Erasing Stephen Hawking’s disability erases an important part of who he was

In the days since Stephen Hawking’s death, obituaries have described him as being “confined” or “chained” to a wheelchair, as someone who “overcame” his disability and succeeded in spite of it.

None of those things are true. Stephen Hawking had a disability, and Stephen Hawking used a wheelchair. His work was possible because of those things, not in spite of them.

In fact, Hawking — a tireless advocate for disability rights when he wasn’t busy unlocking the secrets of the universe — viewed those things as a positive.

“My disabilities have not been a significant handicap in my field, which is theoretical physics,” he wrote in Science Digest in 1984. “Indeed, they have helped me in a way by shielding me from lecturing and administrative work that I would otherwise have been involved in.”

From the time he was 20 until his death Wednesday at the age of 76, Hawking suffered from amyotrophic lateral sclerosis. More commonly known as Lou Gehrig’s disease, it is a progressive neurological disorder that prevents the brain from controlling the voluntary muscles throughout the body.


People with disabilities and advocates for disability rights have been particularly chagrined by one image making the rounds on social media: an upright man silhouetted against a backdrop of stars, with an empty wheelchair in the foreground. It has been frequently accompanied by references to Hawking “finally being able to walk among the stars” or being “free” of his wheelchair.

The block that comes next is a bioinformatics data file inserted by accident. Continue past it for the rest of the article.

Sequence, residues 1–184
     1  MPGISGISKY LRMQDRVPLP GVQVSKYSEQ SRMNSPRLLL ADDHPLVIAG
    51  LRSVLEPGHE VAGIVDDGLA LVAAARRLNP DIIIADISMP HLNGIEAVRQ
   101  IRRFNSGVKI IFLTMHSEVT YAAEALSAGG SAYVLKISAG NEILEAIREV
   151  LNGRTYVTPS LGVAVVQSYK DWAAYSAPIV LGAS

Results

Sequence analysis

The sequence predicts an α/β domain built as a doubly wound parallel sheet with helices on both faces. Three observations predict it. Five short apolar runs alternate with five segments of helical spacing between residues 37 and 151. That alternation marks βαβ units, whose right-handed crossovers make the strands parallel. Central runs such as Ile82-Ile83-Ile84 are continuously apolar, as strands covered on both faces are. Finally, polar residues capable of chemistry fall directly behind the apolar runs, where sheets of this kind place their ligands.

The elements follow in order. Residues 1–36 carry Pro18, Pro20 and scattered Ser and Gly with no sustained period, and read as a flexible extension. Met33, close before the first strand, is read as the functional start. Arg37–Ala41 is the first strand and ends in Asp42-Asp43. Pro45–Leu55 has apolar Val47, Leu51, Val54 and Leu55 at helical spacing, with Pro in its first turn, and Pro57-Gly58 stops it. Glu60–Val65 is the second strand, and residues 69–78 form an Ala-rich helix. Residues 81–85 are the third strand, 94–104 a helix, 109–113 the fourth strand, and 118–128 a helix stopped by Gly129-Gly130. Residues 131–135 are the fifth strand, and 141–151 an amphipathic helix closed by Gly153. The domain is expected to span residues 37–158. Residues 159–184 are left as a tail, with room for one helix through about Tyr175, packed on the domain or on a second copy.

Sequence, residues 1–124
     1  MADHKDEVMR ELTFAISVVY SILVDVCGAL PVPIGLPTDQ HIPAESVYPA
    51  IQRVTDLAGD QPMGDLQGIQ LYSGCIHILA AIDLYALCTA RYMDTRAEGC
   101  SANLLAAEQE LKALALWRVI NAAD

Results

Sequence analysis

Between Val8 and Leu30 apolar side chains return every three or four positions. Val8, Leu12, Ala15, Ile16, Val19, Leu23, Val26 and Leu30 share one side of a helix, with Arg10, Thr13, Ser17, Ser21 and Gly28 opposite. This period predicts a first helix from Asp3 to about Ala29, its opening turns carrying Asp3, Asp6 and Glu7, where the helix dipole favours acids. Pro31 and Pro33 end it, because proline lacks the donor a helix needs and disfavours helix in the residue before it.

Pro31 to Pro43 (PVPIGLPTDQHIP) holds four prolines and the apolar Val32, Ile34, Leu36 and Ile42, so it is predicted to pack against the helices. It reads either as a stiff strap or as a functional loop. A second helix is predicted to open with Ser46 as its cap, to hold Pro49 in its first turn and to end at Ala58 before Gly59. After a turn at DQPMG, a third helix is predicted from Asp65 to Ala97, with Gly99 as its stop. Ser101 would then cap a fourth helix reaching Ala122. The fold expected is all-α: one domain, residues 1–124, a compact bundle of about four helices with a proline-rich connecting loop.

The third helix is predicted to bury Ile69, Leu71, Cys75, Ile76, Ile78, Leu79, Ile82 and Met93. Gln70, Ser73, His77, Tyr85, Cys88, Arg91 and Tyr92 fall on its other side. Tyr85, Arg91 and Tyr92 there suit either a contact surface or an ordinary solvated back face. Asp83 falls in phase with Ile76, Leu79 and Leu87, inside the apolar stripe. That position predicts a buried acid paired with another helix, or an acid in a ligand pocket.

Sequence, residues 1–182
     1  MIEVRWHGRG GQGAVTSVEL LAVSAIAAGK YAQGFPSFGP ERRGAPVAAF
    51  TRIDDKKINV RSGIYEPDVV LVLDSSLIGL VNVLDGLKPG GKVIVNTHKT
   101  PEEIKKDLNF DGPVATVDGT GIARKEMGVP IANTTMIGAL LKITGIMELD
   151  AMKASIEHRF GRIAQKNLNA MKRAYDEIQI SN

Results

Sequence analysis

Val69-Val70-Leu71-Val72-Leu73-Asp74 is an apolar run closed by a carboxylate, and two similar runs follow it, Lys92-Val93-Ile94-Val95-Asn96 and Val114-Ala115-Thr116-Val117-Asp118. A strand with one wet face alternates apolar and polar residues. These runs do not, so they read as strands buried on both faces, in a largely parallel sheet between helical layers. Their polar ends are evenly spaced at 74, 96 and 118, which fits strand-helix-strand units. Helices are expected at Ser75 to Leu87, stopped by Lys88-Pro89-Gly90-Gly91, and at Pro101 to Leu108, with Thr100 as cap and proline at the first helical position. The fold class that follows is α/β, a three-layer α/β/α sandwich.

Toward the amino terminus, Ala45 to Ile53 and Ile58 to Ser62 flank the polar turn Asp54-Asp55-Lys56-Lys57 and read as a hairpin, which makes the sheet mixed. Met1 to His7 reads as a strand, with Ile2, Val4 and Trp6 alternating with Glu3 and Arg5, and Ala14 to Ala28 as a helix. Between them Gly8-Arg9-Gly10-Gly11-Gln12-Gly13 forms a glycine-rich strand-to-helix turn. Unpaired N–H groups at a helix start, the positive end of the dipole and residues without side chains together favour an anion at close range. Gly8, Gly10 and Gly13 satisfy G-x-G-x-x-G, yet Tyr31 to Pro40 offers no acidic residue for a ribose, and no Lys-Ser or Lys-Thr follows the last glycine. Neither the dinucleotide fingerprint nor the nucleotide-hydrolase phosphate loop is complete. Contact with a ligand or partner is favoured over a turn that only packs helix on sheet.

The image makes it seem “like every disabled person dreams of shedding their disability,” said Virginia Knowlton Marcus, the director of legal advocacy for Disability Rights California.

“I think that able-bodied people often see the technology disabled people use as a burden,” she said. “His wheelchair was his tool. He wheeled all over Cambridge. It wasn’t a burden.”

Andrew Gurza, a disability rights awareness consultant and freelance writer in Toronto, said he was disturbed to see Hawking’s disability — a major part of his life and who he was — functionally erased in the drawing.

In a piece for Men’s Health, Gurza, who hosts a podcast about sex and disability called “Disability After Dark,” explained why he was bothered by the image.

“As a fellow wheelchair user, these kinds of depictions, while perhaps well-intentioned, sting,” he wrote. “I wouldn’t want someone to erase my identity as a disabled person in my death, as it is a huge intrinsic part of who I am and how I see the world around me. It is unfair that in order for us to celebrate his life, we feel it necessary to remove a part of who Stephen Hawking was: a disabled man.”

In an interview with The Times, Gurza said using a wheelchair gives you a unique perspective on the world, and that it’s possible Hawking wouldn’t have come up with the theories he did if he hadn’t had a disability.

“His disability probably lent itself to him becoming such a great mind, probably more than most people,” Gurza said. “Maybe [Hawking] wouldn’t have written this book, maybe he wouldn’t have thought about all these things if he weren’t disabled.”